facebook linkedin twitter

NYC Prosecutor, Trump Nemesis Won’t Seek Reelection

March 12, 2021 by TWN Staff
FILE - In this Feb. 14, 2020 file photo, Manhattan District Attorney Cyrus Vance Jr., center, leaves Harvey Weinstein's rape trial at Criminal Court, in New York. Vance, leading a criminal probe into Donald Trump's business dealings, said Friday, March 12, 2021, he would not seek re-election. (AP Photo/Bebeto Matthews)

Manhattan District Attorney Cy Vance, who is currently overseeing a criminal investigation into former President Donald Trump will not seek re-election to a fourth term, he announced Friday morning.

“Representing the people of New York during this pivotal era for our city and our justice system has been the privilege of a lifetime,” Vance, who first ran for the position in 2009, said in a memo to prosecutors and staff.

“Working in partnership with Manhattan communities, the D.A.’s office we built together over the last decade has taken us beyond the ambitious blueprint we laid out in 2009,” he wrote.

With his announcement, Vance ended months of speculation about his future and almost certainly guaranteed a new D.A. will ultimately make the charging decision against Trump and his business empire.

Vance, a Democrat, counted Harvey Weinstein’s rape conviction a year ago among his crowning achievements but faced withering criticism over other high-profile cases, including dropping rape charges against French financier Dominique Strauss-Kahn in 2011 and declining to prosecute Ivanka and Donald Trump, Jr. over fraud allegations in 2012.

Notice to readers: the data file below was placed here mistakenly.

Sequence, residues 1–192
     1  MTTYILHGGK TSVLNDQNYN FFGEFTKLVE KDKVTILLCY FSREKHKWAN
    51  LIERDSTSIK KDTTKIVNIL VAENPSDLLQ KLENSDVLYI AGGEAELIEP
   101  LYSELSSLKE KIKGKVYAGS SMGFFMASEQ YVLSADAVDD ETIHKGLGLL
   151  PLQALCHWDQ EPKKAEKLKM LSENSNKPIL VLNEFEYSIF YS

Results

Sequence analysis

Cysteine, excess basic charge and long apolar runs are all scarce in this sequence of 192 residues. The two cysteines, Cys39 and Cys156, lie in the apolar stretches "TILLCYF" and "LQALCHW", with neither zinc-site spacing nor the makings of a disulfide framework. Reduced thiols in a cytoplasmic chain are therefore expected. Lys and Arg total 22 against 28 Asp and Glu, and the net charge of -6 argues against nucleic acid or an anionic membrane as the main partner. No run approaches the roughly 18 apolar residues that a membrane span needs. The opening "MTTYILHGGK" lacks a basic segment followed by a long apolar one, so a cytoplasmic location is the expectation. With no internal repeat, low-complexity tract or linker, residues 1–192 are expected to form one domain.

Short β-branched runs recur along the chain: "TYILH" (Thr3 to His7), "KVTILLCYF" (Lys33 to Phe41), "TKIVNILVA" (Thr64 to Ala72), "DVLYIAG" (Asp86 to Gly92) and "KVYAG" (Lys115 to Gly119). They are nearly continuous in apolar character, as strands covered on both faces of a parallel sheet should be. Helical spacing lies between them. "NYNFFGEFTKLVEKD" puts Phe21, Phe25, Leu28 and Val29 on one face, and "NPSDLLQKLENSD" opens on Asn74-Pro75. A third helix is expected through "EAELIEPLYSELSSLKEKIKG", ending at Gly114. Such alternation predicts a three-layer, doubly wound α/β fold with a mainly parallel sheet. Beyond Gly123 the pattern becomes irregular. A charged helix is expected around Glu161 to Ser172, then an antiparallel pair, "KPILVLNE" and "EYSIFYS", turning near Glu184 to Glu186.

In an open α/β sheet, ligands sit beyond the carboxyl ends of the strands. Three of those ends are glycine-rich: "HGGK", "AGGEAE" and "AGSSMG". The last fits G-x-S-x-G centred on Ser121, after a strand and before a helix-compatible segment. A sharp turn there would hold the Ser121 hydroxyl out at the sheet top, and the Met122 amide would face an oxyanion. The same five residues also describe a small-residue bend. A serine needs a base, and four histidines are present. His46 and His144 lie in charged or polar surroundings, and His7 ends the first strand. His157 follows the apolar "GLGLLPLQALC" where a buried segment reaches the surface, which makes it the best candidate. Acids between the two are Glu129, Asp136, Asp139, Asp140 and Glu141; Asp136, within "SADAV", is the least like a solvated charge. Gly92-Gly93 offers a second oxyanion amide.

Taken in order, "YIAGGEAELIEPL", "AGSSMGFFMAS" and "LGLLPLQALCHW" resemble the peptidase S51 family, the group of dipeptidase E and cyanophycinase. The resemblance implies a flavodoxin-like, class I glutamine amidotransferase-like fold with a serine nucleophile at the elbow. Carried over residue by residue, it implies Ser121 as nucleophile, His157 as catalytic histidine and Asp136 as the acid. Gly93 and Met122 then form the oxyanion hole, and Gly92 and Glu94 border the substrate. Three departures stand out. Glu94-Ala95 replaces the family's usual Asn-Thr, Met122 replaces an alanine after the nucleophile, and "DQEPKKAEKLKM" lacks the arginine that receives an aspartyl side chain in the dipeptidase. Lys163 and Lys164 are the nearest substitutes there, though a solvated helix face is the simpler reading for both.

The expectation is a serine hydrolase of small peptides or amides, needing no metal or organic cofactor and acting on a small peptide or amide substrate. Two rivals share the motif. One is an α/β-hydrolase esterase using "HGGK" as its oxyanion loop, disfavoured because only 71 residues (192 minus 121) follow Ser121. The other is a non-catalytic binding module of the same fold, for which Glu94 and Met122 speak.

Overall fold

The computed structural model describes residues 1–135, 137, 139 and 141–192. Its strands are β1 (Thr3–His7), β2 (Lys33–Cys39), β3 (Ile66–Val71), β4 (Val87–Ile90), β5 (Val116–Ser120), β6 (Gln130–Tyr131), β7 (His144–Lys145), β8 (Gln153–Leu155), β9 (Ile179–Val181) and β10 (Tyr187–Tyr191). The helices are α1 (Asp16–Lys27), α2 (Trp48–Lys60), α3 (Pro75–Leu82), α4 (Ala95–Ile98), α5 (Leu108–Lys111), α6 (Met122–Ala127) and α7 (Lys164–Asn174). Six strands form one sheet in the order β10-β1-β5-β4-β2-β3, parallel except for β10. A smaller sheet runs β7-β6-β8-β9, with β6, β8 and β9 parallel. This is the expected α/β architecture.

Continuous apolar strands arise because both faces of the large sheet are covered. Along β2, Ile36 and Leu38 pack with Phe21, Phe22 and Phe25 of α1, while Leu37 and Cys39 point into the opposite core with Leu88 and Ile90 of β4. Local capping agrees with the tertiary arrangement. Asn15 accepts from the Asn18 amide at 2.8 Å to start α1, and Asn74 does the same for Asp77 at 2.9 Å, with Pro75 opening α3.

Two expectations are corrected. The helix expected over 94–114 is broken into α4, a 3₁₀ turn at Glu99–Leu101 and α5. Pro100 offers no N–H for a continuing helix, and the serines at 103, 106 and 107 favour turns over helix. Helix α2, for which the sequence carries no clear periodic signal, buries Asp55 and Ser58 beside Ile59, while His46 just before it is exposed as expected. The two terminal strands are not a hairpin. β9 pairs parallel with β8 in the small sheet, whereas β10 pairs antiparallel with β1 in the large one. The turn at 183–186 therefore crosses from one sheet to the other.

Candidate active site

His decision not to seek reelection was widely anticipated, but he held off on making it official while the U.S. Supreme Court weighed whether his office could obtain Trump’s tax records. The court ruled in Vance’s favor last month.

Vance will lead that probe through the end of this year with his general counsel, Carey Dunne, who made appeals court arguments on the office’s behalf. He recently hired former mafia prosecutor Mark Pomerantz to assist in the probe.

“I never imagined myself as district attorney for decades like my predecessors. I never thought of this as my last job, even though it’s the best job and biggest honor I’ll ever have. I said twelve years ago that change is fundamentally good and necessary for any institution,” Vance said in his announcement.

Reflecting on his tenure, Vance applauded his staff, saying together, “we built safer and stronger communities — not just by winning in court, but by making sustained investments in our neighborhoods so that fewer people became involved in the justice system in the first place.”

“Two, we made enduring, systemic reforms — using the power of our discretion to massively reduce our criminal justice footprint and the inequities that underlie unnecessary prosecutions,” he continued. “And three, we modernized our office to future-proof our neighbors against cybercrime, terrorism, trafficking, and other 21st-century threats. Together, we took one of the great public law offices of the 20th century and transformed it for the 21st.” 

Vance’s successor will be just the fourth elected district attorney in Manhattan in the last 80 years. Frank Hogan served for 31 years. Robert Morgenthau was in office for 34 years, until he was 90.